Sharing is a hot-button topic for parents because it is presumed to be an indicator of a child’s successful social and emotional development. It is also falsely presumed to be the same as teaching a child to be generous. Parents worry that if their children do not share well or take turns, then they will not have any friends, or will not turn out to be good people. Naturally, no parent ever wants to see those things happen. Sharing and taking turns are important skills; however, adults often expect them of children far earlier than is age appropriate. Many parents will insist that their children share their belongings with other children. What does this really teach them?

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Posted by on in Classroom Management

LessIsMore

Over lunch recently, the daughter of a good friend, who also happens to be a relatively new Kindergarten teacher, expressed to me that she was feeling frustrated. She felt that she wasn’t reaching her students at the level that she aspired to and didn’t quite know what to do about it.

Having just listened to George Couros discussing, “Would you want to be a student in your own classroom?”, I talked with her a bit about his question and suggested that perhaps looking at the issue differently might give her insight into something simple she might not be readily seeing. Somewhat missing my intended point, she jumped on her own version of this idea and immediately sent a message to a few colleagues to ask if they would spend time in her classroom and offer feedback as outsiders looking in. I said nothing further and simply asked if she would follow up with me in a few days and let me know how it went.

Yesterday, I heard from Cheryl again. She had gone through her self-imposed, self-assessment exercise. While valuable, she still wasn’t feeling that she had really identified the source of the issue. I listened, and then suggested perhaps her peers weren’t the sets of eyes that she should be considering. I was intentionally plural, but she still wasn’t hearing me and this whole story ends with me sitting in the “observation chair” in her classroom for two hours earlier this afternoon.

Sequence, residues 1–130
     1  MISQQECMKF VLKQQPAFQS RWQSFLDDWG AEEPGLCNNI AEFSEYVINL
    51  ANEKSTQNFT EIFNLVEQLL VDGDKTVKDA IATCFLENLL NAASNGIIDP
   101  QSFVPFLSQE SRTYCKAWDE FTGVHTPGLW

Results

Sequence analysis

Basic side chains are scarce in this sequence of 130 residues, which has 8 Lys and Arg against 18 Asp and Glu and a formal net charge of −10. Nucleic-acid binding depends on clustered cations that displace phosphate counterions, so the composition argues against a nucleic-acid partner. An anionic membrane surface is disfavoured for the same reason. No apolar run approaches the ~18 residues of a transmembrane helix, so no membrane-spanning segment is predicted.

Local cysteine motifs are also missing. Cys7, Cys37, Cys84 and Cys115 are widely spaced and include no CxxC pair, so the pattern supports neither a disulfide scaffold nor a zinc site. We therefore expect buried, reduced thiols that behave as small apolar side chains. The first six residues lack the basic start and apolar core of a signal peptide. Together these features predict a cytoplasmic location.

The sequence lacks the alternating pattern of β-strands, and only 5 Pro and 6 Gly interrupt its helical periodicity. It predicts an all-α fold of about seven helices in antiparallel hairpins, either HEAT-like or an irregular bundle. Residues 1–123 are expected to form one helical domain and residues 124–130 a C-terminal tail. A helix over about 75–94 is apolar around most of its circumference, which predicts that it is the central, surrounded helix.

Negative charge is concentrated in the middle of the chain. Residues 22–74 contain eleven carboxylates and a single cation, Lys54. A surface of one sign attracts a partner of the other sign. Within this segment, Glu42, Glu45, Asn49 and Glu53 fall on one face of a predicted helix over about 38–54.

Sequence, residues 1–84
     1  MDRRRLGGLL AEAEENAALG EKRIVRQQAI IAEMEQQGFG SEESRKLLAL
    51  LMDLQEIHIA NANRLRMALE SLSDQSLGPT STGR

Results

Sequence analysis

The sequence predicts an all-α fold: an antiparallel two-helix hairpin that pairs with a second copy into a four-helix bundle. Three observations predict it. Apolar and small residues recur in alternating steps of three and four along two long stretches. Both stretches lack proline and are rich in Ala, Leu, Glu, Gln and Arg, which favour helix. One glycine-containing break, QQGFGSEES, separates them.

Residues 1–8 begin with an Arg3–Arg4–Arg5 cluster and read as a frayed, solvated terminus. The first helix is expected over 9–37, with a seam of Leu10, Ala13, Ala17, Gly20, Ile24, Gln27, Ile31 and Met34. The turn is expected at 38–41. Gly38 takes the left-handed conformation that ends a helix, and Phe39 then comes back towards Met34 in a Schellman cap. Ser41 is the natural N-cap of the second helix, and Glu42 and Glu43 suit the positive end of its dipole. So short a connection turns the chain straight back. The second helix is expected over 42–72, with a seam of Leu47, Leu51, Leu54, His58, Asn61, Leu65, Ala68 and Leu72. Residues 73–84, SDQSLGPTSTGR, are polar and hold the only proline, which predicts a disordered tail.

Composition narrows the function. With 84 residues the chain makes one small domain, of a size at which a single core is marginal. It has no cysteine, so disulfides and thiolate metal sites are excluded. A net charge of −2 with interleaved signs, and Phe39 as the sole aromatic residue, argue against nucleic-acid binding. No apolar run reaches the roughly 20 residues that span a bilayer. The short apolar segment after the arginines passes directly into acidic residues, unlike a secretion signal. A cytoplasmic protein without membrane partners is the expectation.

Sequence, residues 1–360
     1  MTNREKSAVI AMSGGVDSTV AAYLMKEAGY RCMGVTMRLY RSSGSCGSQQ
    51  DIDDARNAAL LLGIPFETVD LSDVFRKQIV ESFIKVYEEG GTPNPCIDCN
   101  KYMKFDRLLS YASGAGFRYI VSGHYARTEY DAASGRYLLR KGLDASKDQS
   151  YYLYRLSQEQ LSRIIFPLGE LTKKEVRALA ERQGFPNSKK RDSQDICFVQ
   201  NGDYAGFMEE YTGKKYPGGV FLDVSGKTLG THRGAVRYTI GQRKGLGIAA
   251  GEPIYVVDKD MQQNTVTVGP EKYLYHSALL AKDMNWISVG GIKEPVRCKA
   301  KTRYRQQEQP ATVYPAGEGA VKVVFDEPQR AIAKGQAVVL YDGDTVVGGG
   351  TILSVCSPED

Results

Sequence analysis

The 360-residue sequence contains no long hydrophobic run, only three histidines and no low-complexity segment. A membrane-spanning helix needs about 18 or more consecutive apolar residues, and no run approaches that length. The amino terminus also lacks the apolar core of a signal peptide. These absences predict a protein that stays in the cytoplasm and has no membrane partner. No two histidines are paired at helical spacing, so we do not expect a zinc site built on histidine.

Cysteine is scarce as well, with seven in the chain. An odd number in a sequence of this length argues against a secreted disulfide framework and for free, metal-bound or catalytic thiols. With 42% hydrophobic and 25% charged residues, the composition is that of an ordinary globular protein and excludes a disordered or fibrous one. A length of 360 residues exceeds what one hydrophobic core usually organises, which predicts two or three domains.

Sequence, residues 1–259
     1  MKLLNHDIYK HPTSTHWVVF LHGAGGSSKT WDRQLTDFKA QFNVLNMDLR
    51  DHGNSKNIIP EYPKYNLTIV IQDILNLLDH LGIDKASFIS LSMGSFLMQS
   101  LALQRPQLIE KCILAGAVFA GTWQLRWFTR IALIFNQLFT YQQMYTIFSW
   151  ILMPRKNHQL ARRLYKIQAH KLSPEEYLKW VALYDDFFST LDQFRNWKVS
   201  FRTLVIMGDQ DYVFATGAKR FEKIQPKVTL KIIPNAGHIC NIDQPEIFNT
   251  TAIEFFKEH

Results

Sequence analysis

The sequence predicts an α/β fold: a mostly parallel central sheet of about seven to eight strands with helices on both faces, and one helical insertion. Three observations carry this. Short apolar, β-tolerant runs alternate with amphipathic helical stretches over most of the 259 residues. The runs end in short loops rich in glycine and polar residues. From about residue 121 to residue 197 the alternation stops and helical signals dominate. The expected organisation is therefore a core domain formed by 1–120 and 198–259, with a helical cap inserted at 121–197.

Cheryl was excited to show me her classroom which she called “progressive”. The room was set up as learning center-based, and the children had freedom to choose which activities they would work on, within a predetermined set of criteria for the day (I couldn’t wait to share with my fellow Montessorians that apparently “freedom within limits” is now considered progressive).

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Posted by on in Teens and Tweens

onemore

“Because it’s boring!”

This was my 11-year-old niece’s tearful explanation for the recent decline in her grades.  When I calmly asked her to explain to me what she meant by “boring” I got: “Because in middle school you don’t actually get to DO anything. When you’re a little kid like for example, like a Kindergartener, you get to play in the sand table and build stuff with blocks or paint or play dress-up with your friends and imagine all the cool things you want to be when you grow up. And when you’re in high school you get to drive and go to the prom and learn the stuff for college so you can pick a career for when you are an actual grownup. But in middle school ALL we do is sit at our desks and study for state tests. I mean it’s like totally ridiculous! We don’t even get recess anymore. Our teachers are all stressed-out because they don’t want to get put on the ‘bad teacher list’ and our parents all need tutors just to help us with our Common Core homework, and none of it even matters anyway because we all live in the same zip code, so we are all just going to the same high school anyway! You’re a principal, can’t you do something Aunt Bridie?”

Wow. No pressure.

Needing to think fast in order to head off a total tween meltdown, I replayed her answer in my mind to get back to her main point: “...in middle school you don’t actually get to DO anything.” Perfect, she wants something to do.